Log in

No account? Create an account
Hijinks Ensue

So far this year I have mostly been...

Restoring my lathe. Again.

It's an old Ross and Alexander 'Randa A' 3 1/2" screwcutting lathe. Actually, that's what it says on the name plate, but I've seen some evidence to suggest that it might really be a Zyto rebadged by R&A to fill a gap in their range.
The first time I restored it was when I bought it in 1991 for £100 from a friend of my Dad's (I was 11 at the time), then it spent the next fourteen years in a leaky garage with only occasional use. I need to modify some motors for my CNC-mill project (extending the shafts to fit rotary encoders), so I decided it was time to move it over to the Nelson workshop (which doesn't leak) and rebuild it for a second time. It's gone from this:
to this:
Sadly I don't have any photos from the first restoration. It originally had a totally different drive arrangement with an overhead line shaft and long flat belts. I really don't know how old it is, but I'm pretty sure it's over fifty years old, and it could well be pre-war. The design and build quality weren't all that spectacular to begin with, and it's worn significantly over the decades, but it is still capable of useful work with a little care. I built a small oscillating single cylinder steam engine with it once.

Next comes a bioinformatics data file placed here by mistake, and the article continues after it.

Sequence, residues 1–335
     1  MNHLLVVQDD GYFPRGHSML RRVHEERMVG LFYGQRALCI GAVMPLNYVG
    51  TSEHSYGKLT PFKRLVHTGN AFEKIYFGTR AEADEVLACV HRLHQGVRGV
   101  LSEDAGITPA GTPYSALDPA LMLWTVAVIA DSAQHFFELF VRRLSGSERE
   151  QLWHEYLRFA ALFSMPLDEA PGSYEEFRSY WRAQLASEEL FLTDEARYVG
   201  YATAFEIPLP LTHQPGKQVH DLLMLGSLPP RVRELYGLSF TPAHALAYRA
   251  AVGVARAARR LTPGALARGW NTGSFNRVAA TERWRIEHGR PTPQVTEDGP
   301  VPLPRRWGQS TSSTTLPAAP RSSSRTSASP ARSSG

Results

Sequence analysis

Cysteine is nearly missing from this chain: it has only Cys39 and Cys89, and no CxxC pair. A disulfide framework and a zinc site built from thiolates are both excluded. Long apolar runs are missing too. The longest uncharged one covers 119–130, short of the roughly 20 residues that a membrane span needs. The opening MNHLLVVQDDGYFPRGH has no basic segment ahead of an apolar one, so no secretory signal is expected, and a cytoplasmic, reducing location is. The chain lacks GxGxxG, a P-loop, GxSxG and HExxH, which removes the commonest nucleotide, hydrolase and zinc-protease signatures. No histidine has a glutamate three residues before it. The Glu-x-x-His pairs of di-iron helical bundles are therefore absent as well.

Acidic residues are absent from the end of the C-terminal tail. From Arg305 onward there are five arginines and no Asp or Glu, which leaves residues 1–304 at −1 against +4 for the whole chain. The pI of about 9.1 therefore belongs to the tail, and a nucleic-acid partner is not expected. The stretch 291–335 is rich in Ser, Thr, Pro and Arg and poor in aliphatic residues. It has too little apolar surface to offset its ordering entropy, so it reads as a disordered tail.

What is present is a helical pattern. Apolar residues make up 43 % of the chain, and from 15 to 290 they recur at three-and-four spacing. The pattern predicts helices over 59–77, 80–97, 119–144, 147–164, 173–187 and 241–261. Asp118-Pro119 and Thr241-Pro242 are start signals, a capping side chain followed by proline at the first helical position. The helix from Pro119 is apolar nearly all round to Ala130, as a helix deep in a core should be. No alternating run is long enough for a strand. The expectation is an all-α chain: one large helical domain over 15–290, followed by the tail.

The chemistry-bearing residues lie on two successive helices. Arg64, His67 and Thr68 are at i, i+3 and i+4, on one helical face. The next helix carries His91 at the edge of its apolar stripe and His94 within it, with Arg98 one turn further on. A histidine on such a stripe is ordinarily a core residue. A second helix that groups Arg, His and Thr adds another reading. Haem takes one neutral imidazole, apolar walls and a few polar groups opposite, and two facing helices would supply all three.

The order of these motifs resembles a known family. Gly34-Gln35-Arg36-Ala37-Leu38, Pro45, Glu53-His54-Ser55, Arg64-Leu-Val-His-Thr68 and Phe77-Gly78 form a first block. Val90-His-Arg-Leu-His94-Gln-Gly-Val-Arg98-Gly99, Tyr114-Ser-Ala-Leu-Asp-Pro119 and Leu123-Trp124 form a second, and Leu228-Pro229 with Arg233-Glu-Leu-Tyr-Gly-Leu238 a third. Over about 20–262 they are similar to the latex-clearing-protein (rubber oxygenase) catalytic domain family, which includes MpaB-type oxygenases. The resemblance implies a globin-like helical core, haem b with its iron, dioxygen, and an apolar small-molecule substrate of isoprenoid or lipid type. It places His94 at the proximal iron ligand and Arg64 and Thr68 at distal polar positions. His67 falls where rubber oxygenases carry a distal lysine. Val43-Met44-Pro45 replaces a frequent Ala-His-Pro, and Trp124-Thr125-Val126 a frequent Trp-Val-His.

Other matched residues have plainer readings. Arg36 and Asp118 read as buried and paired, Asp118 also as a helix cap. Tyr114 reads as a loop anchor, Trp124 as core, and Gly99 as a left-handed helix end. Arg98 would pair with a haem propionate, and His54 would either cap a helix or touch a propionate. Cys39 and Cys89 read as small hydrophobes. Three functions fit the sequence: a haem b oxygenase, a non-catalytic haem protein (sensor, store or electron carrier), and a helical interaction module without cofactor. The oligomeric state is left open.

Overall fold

Yes, I know, I took the belt guard off. It was added at my parents' insistence during the first restoration, but it hindered access to some important things and was generally quite inconvenient. Since you have to be constantly vigilant while operating a lathe anyway (big lumps of spinning metal, sharp tools, razor sharp swarf, etc.), the addition of a belt guard doesn't really make it much safer.


Re: I have one of these that im going to restore

That's odd, you're the second person in less than a week to ask about the Randa A drive setup. I've emailed some pictures I took for the other bloke. The motor is an old single phase 1400RPM lump. I would guess the power is probably 1/2 to 3/4 HP. You can't bog it down because the leather belt slips first.